Nursery preparation: The seeds are sown in a warm area (18-22°C) for 2-4 weeks, shifted to 0- 4°C for 4-6 weeks (chilling treatment) and then again shifted to a warmer area ((5-12°C)for germination. Cold greenhouses or cold frames are ideal for stimulating germination. The plant grows wildly in well-drained soils under sunny conditions.
Transplantation: The saplings are transplanted out when they are 20 cm tall during the month of May. The transplanted plants are placed 7-10 cm apart in rows and about 45 cm gaps are maintained in between the lines. Around 1/4 to 1/2 cup of complete organic fertilizer is worked into each 2 m of furrow. The transplants are buried up to the first leaf notch in a furrow at least 10 cm deep to blanch the stems. In one hectare of land approximately 1,80,000 to 2,70,000 plants can be grown. Thus for one bigha ,(12.5 bigha = 1 ha) the suggested number of plants is 14,500-21,000. The rootstocks are usually kept around 3-4 inches apart at the time of transplant. The seedlings are generally transplanted 2-3 inches apart.
Vegetative propagation: Vegetative propagation is carried out through bulbs and the bulbs should be planted fairly deeply. One bulb can survive up to 25-30 years.
Water management: At an early stage of seedling growth and at the time of tuber transplant, watering is needed every 24 hours during the pre-monsoon season, but at the time of maturity, irrigation after 4-5 days is sufficient.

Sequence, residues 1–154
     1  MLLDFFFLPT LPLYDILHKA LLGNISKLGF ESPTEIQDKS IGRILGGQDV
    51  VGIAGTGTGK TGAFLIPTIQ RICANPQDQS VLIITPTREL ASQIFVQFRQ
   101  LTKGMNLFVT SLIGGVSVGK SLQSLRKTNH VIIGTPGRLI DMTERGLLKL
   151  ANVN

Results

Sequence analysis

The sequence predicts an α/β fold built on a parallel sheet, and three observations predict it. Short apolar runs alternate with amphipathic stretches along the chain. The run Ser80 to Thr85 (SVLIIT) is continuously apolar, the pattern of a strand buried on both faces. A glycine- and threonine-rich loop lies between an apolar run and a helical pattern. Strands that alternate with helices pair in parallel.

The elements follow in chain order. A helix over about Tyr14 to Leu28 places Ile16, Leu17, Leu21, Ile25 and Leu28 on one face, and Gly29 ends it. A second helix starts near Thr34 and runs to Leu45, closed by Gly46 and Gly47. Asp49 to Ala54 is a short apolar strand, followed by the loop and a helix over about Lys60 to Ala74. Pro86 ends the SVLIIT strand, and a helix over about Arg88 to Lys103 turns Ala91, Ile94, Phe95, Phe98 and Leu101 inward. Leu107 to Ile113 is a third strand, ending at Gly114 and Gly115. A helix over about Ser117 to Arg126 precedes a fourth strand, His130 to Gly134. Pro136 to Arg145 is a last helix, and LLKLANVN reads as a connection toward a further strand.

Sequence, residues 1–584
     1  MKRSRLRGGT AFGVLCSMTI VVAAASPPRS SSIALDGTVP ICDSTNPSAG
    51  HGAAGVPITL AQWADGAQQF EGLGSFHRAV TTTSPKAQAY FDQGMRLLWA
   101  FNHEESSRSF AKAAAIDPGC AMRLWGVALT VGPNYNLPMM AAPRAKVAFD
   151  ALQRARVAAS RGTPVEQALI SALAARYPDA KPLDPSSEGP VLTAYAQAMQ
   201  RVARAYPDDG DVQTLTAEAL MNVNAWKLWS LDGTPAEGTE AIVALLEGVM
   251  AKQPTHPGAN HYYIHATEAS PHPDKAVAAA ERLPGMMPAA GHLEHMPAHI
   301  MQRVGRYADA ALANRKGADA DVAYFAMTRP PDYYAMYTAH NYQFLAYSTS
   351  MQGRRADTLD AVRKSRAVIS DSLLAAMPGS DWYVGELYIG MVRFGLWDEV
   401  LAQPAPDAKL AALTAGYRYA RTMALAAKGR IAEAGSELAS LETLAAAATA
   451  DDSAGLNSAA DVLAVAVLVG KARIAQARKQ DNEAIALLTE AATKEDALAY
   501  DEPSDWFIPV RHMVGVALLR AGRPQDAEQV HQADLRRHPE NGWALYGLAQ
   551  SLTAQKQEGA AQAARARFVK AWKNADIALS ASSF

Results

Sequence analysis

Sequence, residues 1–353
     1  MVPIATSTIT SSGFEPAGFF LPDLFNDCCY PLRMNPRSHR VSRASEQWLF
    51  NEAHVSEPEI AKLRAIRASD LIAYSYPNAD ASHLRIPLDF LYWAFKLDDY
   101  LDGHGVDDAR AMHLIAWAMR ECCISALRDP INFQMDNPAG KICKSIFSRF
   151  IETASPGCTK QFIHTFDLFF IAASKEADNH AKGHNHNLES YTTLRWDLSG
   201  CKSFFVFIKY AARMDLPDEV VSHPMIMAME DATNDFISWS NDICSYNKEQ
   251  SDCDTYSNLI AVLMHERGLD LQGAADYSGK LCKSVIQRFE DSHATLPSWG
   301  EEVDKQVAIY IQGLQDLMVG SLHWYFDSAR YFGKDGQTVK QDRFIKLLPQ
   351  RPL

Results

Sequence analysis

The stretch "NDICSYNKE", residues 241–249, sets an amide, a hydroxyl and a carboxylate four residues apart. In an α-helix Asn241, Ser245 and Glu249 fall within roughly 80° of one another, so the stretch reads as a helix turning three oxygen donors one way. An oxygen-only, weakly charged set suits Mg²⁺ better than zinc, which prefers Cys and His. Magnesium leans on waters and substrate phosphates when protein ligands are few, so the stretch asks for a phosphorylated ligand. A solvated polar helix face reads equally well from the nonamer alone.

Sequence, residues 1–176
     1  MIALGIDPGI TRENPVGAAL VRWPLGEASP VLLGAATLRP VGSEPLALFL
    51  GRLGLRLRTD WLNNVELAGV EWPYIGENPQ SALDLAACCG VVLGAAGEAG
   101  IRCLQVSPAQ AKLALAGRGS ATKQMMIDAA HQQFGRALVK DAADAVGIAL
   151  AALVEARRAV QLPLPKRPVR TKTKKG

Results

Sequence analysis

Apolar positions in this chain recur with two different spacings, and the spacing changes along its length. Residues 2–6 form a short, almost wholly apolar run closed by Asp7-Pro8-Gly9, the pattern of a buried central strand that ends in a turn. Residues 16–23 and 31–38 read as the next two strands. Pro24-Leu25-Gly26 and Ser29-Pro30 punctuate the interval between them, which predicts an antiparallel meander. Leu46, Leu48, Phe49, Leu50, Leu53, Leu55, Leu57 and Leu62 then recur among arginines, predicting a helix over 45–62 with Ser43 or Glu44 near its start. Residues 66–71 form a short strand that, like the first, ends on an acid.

Maturity and harvesting: The crop is generally harvested thrice a year, first in the month of April, second in June and third in September or October at higher elevations and once or twice at lower altitudes. The above ground biomass is harvested through a sickle.
Weed control: If forest soil or humus if applied, weeds come up very frequently and accordingly weeding with the help of a shallow scraper, may be required every fifteen to twenty days during the early development stages and in the monsoon period. Care must be taken that small saplings may also be destroyed along with the weeds and hence cautious hand weeding is suggested.
Post harvest technique: The harvested above ground biomass is cut into small pieces and dried in mild sun. After drying, the crop is put into cotton bags and protected from moisture to retain its flavour for a longer period. The above ground biomass is ground and can be stored under dry conditions in cotton bags for six months. The approximate production is estimated at 79-102 kg/ha. The production under cultivated conditions can attain up to 125-150 kg/ha up to a 2200 m altitude. The production increases as the altitude increases.
Family: Liliaceae
Common/local name: Jambu, Farn, Wild onion
Status: Rare